Every year in the United States, carbon dioxide emissions range in the millions(!) of tons. According to Statista.com, we released upwards of 4,500 metric tons of carbon dioxide into the atmosphere in 2020 alone.
Carbon dioxide is a potent greenhouse gas, which is released as a product of the combustion of fossil fuels, used to heat and light our homes and power our lives.
Cutting back on carbon emissions means (in part) being energy conscious.
And there are things you can do, right now, at home, to make an impact.
1.Turn things off!
Here’s the easiest and most obvious way to cut back on carbon emissions. If you’re not using it, turn it off.
It doesn’t matter if it’s your computer, your TV, an appliance, the lights in a room, or even a heater. Just turn it off or unplug it when you’re not using it - simple as that.
If you’re away from home or use decorative lights, and don’t want to leave everything dark for too long, you should consider using a timer that can optimize (minimize) your use of energy.
This is actually a good strategy, even when you are home, as it can prevent you from leaving lights on all night.
2. Take advantage of natural light
During the day, there’s no reason to be burning electric lights when you have perfectly good windows! Granted, not every room or setting is conducive to the use of natural light, but many are, and the sun’s light is free for all to use.
Just open the curtains or the windows. You’ll use less electricity, save money, and get this: you might even feel better, as studies have suggested that exposure to natural ambient light (like sunlight) boosts serotonin levels in the brain.
3. Upgrade your lighting
Of course, we are pragmatic enough to recognize that natural light is not a solution through all hours of the day (and night).
But you can still cut energy costs by upgrading your current lighting infrastructure. Notably, upgrade that old incandescent or CFL floor lamp with a modern LED floor lamp from our online shop.
While you’re at it, upgrade all of the other lights in your home with LEDs, too. LED light bulbs are up to 75% more energy efficient than incandescents and contain no mercury like CFLs. On top of that, they will last 25 times longer (or more!) than most incandescent bulbs.
So, you end up paying a little more for an LED up front, but it will pay you back in spades, not to mention the aesthetic boost your interior design will get from an upgrade to one of our sleek modern LED floor lamps!
4.Turn down the brightness on the TV
Many modern TVs have an ABC (automatic brightness control) sensor, that sets the brightness to an appropriate level given the ambient light level.
However, you can still control the brightness of a TV by manually turning it down a few notches. This can hardly be said to affect the viewership experience and since display brightness consumes the most energy in a TV set, turning it down can save you quite a lot of electricity.
5.Keep the cold air out
In the winter, don’t spend as much time turning down the thermostat as you do cold-proofing your home (although turning down the thermostat is a good idea too).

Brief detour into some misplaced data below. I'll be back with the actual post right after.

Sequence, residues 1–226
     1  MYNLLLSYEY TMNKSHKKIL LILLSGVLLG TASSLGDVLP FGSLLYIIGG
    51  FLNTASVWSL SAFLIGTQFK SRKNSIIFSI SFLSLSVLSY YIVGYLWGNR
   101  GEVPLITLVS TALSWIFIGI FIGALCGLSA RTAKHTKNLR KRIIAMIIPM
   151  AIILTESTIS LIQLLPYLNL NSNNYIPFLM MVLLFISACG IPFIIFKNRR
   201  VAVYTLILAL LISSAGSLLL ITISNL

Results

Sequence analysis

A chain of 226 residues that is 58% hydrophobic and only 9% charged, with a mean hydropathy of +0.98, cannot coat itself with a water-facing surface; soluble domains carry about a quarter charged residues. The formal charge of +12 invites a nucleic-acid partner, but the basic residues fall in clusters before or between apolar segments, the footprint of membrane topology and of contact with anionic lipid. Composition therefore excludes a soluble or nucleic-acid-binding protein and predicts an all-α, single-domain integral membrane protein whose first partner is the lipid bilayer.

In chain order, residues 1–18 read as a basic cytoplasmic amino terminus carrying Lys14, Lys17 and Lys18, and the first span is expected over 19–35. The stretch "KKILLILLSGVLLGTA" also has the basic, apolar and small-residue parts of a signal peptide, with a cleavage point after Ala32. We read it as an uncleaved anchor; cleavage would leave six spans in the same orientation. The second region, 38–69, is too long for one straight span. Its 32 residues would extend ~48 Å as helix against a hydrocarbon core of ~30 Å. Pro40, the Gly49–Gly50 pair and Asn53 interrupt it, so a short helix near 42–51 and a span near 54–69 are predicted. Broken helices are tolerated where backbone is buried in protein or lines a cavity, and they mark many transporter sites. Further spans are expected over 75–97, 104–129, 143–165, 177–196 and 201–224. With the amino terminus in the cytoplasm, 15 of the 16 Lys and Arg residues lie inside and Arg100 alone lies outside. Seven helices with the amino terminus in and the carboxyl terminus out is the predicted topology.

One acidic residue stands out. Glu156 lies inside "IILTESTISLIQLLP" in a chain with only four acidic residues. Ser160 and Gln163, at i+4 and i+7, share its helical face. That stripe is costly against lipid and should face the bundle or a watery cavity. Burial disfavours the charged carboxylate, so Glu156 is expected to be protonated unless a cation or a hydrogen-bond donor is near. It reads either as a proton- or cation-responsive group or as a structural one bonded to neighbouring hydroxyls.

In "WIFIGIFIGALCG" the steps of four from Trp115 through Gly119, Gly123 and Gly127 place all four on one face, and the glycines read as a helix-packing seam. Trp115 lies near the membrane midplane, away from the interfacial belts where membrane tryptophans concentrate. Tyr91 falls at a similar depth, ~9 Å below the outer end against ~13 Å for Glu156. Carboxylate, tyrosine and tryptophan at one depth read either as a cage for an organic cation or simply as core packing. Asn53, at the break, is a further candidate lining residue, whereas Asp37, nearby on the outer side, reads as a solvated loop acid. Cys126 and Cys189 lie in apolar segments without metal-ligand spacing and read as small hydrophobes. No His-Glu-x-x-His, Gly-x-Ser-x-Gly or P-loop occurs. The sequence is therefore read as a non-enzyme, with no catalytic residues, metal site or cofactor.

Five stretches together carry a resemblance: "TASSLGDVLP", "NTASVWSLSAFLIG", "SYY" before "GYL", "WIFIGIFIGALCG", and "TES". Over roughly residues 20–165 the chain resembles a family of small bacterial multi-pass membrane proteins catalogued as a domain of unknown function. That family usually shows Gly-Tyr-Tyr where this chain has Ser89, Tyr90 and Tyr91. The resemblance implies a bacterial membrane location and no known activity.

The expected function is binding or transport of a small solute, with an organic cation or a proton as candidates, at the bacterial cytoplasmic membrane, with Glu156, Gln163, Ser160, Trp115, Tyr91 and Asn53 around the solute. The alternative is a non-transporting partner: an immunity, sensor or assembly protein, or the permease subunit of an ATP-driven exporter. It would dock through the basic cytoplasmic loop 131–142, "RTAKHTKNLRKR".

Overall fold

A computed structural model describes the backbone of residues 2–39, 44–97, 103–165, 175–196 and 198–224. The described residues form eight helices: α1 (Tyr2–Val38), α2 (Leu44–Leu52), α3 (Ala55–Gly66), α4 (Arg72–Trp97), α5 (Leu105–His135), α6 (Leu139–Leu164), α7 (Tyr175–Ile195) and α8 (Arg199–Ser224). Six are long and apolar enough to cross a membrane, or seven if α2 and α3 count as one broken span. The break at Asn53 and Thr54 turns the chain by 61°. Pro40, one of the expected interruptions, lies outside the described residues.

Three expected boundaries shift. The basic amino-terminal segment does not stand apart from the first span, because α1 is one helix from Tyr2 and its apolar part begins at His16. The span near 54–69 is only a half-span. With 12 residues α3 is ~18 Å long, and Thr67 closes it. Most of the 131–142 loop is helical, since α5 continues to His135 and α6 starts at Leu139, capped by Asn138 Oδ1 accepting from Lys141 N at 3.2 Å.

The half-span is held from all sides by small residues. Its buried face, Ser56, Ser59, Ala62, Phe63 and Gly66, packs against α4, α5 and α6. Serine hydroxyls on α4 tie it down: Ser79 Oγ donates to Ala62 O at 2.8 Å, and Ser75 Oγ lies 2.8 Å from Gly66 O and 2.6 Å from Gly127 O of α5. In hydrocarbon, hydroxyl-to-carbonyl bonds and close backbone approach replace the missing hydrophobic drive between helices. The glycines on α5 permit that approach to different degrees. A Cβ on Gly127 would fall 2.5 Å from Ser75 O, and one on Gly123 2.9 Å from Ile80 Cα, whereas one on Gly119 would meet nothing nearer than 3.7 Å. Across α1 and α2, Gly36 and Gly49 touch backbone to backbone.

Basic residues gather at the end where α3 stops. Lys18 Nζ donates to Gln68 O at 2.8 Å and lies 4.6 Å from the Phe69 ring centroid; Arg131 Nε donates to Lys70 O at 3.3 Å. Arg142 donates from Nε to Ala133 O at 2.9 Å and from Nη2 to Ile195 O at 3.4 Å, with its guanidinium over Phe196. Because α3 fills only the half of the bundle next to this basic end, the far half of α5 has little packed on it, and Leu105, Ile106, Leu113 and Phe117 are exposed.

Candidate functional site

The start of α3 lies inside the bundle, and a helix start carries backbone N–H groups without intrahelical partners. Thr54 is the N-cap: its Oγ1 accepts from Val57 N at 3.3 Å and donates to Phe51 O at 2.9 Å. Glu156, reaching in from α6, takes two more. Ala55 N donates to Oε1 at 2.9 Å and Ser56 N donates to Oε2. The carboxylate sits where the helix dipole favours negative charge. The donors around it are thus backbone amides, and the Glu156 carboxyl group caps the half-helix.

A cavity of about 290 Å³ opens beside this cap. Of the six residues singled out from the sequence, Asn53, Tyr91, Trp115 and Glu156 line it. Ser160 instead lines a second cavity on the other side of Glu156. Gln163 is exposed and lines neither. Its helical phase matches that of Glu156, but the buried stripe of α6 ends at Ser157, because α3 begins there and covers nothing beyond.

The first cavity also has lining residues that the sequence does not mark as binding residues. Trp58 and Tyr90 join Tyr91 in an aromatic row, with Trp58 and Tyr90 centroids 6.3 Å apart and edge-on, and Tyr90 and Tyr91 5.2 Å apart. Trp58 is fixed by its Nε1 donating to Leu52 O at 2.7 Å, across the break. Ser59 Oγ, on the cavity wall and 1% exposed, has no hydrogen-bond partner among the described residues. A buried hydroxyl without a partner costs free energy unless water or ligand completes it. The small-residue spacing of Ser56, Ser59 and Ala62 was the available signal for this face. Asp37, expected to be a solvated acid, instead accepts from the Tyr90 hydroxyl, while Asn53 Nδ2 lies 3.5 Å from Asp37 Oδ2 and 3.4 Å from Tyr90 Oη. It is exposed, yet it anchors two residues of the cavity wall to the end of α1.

Tiny cracks under your doors and around your window frames let cold air in, costing you money and contributing to your home’s carbon emissions because you’ll need to burn more natural gas or electricity to stay warm.
Fortunately, there are things you can do about it. You can use window tape or putty to seal the cracks around windows (you can feel for these in the winter; you’ll notice it’s colder around the windows), and as for the doors, get some weather-resistant door-insulation strips and place them under your doors. They’ll keep your house warmer!
6.Be conscious of hot water consumption
It takes a huge amount of energy to heat water since water has such a high specific heat. If you enjoy taking baths, consider switching to showers (which use less water) or simply taking fewer.
Another way to limit hot water consumption is to try washing your clothes in cool water. In fact, many materials (such as cotton or wool) do better in cool cycles as cold water less damaging to the fibers and less likely to cause shrinkage.
Try it out with your next load of laundry and see how it does.
7.Replace your HVAC system’s air filter
Finally, be conscientious about replacing your HVAC system’s air filter at least once every three months. Not only is this better for your family’s health (since HVAC air filters capture dust, pollen, and other allergens) but it will ensure your system runs as efficiently as possible, too.
A fresh air filter will help your system run more efficiently and effectively. In fact, the Department of Energy once issued a statement claiming that HVAC systems with clean filters may run at up to 15% greater efficiency than those with dirty or obstructed filters.
That’s a compelling reason in its own right, not only for the purposes of reducing carbon emissions, but for safeguarding the longevity of your HVAC system by forestalling major (and costly) repairs, and by saving you money on fuel.
Cut Carbon Emissions Today!
Some of these suggestions are easier to put into practice immediately than others. For instance, you can start unplugging unused appliances right now and start saving your wallet and the environment.
For others, put an action plan in place. Consider upgrading your interior lighting to LEDs by investing in one of our modern LED floor lamps (we offer mid-century modern torchiere and arc floor lamps in our collection), or make a schedule for washing clothes on cold cycles and see how it turns out. Then, over time, you can adopt more of these energy-saving, carbon-emission-reducing practices.
Every little bit you can do makes a difference!